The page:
Why Computers Won’t Make Themselves Smarter?

Do you know about the idea of intelligence explosion? Or do you want to know about this terminology? If yes, then you’re at the right place as here, we are going to get into this term and try to grab all about this one. Let us begin below and dig into the article one.

Why Computers Won’t Make Themselves Smarter?

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Why Computers Won’t Make Themselves Smarter?

Ontological argument

In the 11th century, Canterbury’s Saint Anselm proposed a unique argument related to the God’s existence and roughly, came up with something like that:

“God is the greatest being that we can ever imagine, a god with no existence is not as great as a God that has an existence and therefore, God must have existence. The entire imagination or statement is called an “Ontological argument”. There are sufficient people who are convinced through this argument as they are still discussing the term number of times even after a period of thousands years. Some critics of this argument affirm that it defines the existence of a God but the statement is not at all indicated like how it has to be worked.

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God is the only being here about whom they argued into existence. A mathematician Irving John Good, in the year 1965, wrote that an Ultra intelligent machine can also be defined as the one that has the ability to surpass all sets of intellectual activities of any person, however clever he may be clever.

How did the idea of “Intelligence Explosion” come about?

Since the machine designing is the only intellectual activity but an ultra intelligent machine can be helpful to design a better version, then it would be questionable to be an “intelligence explosion” and thus, the intelligence of a man can also be left behind. Therefore, the first-ever ultra intelligent machine is the best invention ever as made by a man, provided that the machine is the docile one that is sufficient to tell us about how to keep it in control.

Intelligence Explosion

The idea “Intelligence Explosion” was derived in the year 1993 by the author cum computer scientist Vernor Vinge, who marked it as “the singularity” and the idea has gained popularity among some prestigious philosophers and technologists. Some books like Superintelligence: Paths, Dangers, Strategies by Nick Bostrom, Life 3.0: Being Human in the age of Artificial Intelligence by Max Tegmark, and Human Compatible: Artificial Intelligence and the Problem of Control by Russell all described some scenarios of self-improvement and Artificial Intelligence program designs improved version.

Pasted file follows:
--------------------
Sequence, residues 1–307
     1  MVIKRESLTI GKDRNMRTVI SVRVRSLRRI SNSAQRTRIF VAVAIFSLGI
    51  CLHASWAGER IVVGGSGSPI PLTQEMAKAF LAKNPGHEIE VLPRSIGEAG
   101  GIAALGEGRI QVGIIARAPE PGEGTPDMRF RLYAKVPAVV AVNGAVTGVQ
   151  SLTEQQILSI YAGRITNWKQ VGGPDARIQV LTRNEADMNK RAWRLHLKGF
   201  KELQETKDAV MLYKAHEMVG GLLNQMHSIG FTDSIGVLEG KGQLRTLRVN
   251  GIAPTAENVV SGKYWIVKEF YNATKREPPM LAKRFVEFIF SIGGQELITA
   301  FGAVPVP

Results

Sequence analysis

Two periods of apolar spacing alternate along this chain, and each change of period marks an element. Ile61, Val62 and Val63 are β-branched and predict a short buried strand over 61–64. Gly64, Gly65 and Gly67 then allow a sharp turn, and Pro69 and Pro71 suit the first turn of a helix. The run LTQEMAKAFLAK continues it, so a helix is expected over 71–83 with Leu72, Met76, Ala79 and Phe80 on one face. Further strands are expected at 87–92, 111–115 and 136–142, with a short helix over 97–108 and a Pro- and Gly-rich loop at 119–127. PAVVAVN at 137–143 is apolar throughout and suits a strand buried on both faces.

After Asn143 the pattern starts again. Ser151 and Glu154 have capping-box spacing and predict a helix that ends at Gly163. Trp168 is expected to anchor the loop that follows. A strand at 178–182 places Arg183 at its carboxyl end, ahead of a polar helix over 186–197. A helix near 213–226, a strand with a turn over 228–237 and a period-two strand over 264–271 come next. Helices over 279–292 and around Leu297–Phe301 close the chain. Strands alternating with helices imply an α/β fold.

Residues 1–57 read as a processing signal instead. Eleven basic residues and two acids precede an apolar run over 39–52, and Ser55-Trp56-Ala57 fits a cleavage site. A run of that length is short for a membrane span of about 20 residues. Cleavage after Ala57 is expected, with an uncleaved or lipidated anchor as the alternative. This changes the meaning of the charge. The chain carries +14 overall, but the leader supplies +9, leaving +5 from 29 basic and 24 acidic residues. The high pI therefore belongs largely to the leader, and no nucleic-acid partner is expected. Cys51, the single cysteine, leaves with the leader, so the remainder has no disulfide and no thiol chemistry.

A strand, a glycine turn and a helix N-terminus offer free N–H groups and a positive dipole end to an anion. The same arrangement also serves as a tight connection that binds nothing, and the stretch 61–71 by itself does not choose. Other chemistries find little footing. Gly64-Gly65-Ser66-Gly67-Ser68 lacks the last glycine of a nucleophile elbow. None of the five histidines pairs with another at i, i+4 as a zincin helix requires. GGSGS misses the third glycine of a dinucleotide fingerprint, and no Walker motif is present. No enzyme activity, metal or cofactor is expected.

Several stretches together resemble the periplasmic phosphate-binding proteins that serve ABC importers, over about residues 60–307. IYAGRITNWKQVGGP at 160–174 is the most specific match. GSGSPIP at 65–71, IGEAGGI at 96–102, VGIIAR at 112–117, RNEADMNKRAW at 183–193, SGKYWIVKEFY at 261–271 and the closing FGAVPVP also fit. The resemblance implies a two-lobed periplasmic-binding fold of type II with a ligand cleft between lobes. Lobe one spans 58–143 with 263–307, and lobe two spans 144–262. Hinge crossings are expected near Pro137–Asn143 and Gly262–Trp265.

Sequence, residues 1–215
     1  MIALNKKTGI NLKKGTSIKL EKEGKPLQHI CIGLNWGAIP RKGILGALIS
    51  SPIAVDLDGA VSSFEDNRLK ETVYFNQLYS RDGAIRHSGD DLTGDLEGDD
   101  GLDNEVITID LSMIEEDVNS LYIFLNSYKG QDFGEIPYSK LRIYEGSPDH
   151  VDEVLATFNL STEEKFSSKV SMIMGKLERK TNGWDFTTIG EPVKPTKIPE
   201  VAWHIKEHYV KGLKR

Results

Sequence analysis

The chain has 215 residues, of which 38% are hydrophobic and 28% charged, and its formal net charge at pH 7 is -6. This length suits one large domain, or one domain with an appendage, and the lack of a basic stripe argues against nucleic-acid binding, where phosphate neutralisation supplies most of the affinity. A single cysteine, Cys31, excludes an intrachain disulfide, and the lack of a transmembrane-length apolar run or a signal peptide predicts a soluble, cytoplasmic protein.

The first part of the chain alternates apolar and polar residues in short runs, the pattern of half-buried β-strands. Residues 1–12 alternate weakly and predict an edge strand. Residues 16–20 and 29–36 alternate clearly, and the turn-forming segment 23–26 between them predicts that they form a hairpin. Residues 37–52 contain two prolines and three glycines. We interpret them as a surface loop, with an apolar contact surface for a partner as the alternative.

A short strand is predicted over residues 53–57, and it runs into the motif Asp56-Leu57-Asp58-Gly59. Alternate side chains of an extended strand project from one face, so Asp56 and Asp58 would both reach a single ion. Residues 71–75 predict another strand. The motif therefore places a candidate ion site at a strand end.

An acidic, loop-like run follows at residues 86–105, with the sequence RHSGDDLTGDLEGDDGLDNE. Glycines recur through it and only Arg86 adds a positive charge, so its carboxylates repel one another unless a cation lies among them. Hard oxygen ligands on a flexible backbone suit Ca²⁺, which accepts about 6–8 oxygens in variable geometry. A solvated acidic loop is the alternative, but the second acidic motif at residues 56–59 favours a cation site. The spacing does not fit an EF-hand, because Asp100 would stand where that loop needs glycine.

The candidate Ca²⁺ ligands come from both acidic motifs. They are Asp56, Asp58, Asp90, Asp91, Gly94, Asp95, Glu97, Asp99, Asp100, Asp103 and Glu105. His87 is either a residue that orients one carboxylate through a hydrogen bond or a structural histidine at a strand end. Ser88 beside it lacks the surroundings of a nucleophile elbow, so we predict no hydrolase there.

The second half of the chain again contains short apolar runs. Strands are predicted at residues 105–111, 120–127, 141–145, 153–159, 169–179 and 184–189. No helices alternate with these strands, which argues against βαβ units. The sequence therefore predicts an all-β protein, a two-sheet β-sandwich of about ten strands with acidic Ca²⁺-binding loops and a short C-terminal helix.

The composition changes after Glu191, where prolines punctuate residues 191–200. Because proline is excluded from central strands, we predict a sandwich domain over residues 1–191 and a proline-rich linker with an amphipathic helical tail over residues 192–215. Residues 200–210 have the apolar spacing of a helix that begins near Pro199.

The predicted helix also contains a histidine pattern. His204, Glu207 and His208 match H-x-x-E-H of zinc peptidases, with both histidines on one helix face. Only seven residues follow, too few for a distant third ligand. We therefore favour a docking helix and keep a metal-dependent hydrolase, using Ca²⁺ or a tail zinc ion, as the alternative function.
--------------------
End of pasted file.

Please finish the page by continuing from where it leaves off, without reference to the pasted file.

What’s common in Anselm’s and Good’s argument?

Throughout this, we can find something common in the arguments of Anselm and Good. The common part is all work is done by some initial definitions. Also, these definitions seem too reasonable and because of which all of these are accepted by face value at first but it requires close examination. I think that we scrutinize all suggested assumptions from the arguments of Good and the idea of “Intelligence Explosion” has become less plausible, then.

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What recursive self-improvement seems like for human beings?

For convenience, we can explain the intelligence of human beings in terms of I.Q. but not as an endorsement for testing I.Q. as I.Q. indicates an idea that the I.Q. can be easily captured by a single number, the idea being an assumption as made by proponents of intelligence explosion. In such a case, the term “recursive self-improvement” seems like:

“Once there was a person with an I.Q level of 300 and a problem that such a person with an I.Q. of 300 can solve is how to convert the I.Q level of 300 to 350. Further, the person with an I.Q. level of 350 can solve the problem of converting the I.Q. level “350” to 400. And the process goes on.

How does Intelligence work?

Don’t we have even a single reason to say that intelligence works in  the same manner? I do not believe that we have even one. To exemplify, there are a number of people with an I.Q. level of 150 and others may have 180. But none of them have the ability to increase an I.Q. level from 60 to 110. If increasing I.Q. level is such an easy task like Mathematics puzzles, then we might see some of the good examples to prove it. But we didn’t see even a single evidence of it.

Is there any Intelligence explosion or recursive self-improvement?

Maybe it happens because we are so far from the actual required threshold. It might be possible that there is a need for at least 300 I.Q. level as a minimum criteria to increase the level of another person. Still, we do not have any good reason left behind to believe in recursive self-improvement.        

The Bottom Line

At the end, some proponents of this argument contend that it might be possible to increase the intelligence of a person without even getting a proper understanding of how the system exactly works. They indicate that Intelligent systems such as Artificial Intelligence or the human brain may have one or more Intelligence Knobs and we have to be smart enough to understand where these knobs are.

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Currently, we need some right candidates for such knobs and it is so hard to evaluate the idea’s reasonability. The common suggestion to increase the AI is to speed up the hardware on which the program operates. Superhuman Intelligence will be created effectively once we make software that is as intelligent as that of a human being. Therefore, we are so far from creating an AI as equivalent to humans.

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